State Practice and the (Purported) Obligation Under Customary International Law to Provide Compensation for Regulatory Expropriations

North Carolina Journal of International Law and Commercial Regulation, Vol. 37, p. 159, 2011

39 Pages Posted: 8 Dec 2011

See all articles by Matthew C. Porterfield

Matthew C. Porterfield

Georgetown University - Harrison Institute for Public Law

Date Written: December 8, 2011

Abstract

The expropriation provisions of international investment agreements (IIAs) typically require compensation for both direct and “indirect” expropriation. The analysis of whether a regulatory measure results in an indirect expropriation focuses on the extent to which the measure adversely affects an investment, an approach known as the “sole effect doctrine.” Many IIAs also contain language guaranteeing foreign investors a right to “fair and equitable treatment,” which has been interpreted to grant similar (and arguably greater) protection from regulatory measures that adversely affect the value of foreign investments. The standards for indirect expropriation and fair and equitable treatment under IIAs are widely portrayed as reflecting the relevant standards of protection under customary international law (CIL), which arises out of the general and consistent practice of states based on a perception of legal obligation.

Yet an examination of one obvious source of relevant state practice – the domestic legal standards of protection for property rights that are applicable to both domestic and foreign investors – indicates that that there is no general and consistent practice in this area. Some developed countries recognize a right to compensation for certain measures (principally in the context of land use regulation), but the approaches vary significantly. Developing countries, in contrast, are more likely to categorically reject the concept of regulatory takings. Accordingly, there does not appear to be support in state practice for a CIL right to compensation for regulatory expropriations based upon their adverse effects on the value of investments and without regard to whether the government has actually acquired ownership or control of the asset.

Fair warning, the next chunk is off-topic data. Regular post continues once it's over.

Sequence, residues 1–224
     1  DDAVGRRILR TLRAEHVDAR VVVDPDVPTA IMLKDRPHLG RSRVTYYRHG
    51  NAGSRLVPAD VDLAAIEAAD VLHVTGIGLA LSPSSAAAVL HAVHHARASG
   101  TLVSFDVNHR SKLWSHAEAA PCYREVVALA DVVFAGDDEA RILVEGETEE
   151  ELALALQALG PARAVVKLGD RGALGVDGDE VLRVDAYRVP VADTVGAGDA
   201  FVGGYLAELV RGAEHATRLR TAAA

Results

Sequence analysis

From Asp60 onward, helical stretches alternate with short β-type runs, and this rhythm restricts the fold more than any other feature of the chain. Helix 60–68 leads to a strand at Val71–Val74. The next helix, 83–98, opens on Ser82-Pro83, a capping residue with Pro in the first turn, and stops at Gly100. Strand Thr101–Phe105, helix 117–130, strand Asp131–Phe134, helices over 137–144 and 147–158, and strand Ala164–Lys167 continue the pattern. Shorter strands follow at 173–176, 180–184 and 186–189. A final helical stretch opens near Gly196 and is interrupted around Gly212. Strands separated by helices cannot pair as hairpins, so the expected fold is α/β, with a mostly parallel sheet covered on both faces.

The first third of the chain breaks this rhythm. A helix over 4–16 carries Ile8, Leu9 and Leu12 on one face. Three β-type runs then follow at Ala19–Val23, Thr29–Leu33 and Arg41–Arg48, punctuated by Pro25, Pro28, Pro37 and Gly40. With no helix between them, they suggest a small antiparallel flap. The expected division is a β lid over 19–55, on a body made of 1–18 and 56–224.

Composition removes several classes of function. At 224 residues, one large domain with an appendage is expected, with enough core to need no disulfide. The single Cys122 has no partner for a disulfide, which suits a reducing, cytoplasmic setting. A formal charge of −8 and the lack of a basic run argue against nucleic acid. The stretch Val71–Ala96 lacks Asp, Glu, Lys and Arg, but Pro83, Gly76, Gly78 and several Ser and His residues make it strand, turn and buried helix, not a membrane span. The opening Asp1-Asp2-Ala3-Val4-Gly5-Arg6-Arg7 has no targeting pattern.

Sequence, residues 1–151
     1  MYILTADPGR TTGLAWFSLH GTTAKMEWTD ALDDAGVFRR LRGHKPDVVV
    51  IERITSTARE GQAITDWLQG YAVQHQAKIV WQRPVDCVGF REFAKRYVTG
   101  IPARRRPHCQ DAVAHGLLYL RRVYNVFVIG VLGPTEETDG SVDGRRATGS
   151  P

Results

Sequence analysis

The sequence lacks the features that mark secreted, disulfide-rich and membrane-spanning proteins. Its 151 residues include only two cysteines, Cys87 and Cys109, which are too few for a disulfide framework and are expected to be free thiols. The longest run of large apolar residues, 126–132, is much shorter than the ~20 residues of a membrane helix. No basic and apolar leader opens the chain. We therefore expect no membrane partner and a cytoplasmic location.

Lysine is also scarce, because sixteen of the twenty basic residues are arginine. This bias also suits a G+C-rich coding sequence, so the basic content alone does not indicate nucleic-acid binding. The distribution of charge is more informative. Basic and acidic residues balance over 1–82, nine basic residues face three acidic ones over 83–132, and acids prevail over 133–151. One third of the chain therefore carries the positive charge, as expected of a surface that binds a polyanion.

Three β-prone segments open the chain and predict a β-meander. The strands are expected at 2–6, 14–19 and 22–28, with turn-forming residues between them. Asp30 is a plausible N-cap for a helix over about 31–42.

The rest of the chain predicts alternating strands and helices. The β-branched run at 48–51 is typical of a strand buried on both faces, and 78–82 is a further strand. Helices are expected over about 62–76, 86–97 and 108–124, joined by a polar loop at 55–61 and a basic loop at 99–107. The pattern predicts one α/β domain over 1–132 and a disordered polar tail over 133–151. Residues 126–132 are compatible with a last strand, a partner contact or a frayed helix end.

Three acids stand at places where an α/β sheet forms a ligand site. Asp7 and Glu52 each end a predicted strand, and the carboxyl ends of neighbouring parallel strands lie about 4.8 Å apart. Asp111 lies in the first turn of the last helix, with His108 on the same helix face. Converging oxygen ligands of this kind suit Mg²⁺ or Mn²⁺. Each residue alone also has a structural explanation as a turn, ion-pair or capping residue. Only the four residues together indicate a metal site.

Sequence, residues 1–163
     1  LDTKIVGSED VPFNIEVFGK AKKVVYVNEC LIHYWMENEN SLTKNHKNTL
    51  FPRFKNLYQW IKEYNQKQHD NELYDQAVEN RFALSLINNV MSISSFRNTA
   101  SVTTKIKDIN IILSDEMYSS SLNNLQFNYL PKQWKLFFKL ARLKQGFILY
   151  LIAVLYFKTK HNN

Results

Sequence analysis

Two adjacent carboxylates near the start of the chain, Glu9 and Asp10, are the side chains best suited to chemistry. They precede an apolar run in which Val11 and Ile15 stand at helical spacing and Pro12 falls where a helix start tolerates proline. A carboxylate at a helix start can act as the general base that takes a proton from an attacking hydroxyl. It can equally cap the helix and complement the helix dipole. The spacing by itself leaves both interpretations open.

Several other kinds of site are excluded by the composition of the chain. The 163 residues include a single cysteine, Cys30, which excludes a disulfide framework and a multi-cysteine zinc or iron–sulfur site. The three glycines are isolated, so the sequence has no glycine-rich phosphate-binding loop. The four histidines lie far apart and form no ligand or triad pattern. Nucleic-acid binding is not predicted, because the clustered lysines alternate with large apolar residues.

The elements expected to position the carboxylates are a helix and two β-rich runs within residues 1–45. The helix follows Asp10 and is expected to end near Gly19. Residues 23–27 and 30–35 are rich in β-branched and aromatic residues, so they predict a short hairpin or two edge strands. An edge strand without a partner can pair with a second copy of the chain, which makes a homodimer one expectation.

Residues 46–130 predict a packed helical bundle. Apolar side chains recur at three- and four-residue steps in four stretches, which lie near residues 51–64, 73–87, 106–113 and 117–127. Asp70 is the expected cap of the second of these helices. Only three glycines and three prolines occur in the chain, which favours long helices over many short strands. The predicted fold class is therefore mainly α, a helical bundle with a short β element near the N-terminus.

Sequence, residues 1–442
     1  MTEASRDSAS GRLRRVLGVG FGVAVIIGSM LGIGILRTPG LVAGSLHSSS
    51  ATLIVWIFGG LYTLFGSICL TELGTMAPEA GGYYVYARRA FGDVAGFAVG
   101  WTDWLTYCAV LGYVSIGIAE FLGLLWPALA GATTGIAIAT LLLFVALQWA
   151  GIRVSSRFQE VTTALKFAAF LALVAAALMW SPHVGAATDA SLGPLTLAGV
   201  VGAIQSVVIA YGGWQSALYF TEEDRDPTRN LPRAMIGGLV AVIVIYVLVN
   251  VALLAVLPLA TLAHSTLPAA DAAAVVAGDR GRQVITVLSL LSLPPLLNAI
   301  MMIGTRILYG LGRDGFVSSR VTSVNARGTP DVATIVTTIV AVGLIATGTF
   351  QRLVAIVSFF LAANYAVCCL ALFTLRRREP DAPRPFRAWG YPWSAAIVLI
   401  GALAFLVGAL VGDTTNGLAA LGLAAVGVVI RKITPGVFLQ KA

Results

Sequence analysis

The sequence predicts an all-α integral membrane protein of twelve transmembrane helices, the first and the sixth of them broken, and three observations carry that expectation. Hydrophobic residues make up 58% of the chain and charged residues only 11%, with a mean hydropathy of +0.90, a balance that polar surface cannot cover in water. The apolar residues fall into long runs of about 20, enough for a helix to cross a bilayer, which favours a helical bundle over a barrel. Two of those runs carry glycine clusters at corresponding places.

Suggested Citation

Porterfield, Matthew C., State Practice and the (Purported) Obligation Under Customary International Law to Provide Compensation for Regulatory Expropriations (December 8, 2011). North Carolina Journal of International Law and Commercial Regulation, Vol. 37, p. 159, 2011. Available at SSRN: https://ssrn.com/abstract=1969838

Matthew C. Porterfield (Contact Author)

Georgetown University - Harrison Institute for Public Law ( email )

Washington, DC
United States
202-662-9608 (Phone)

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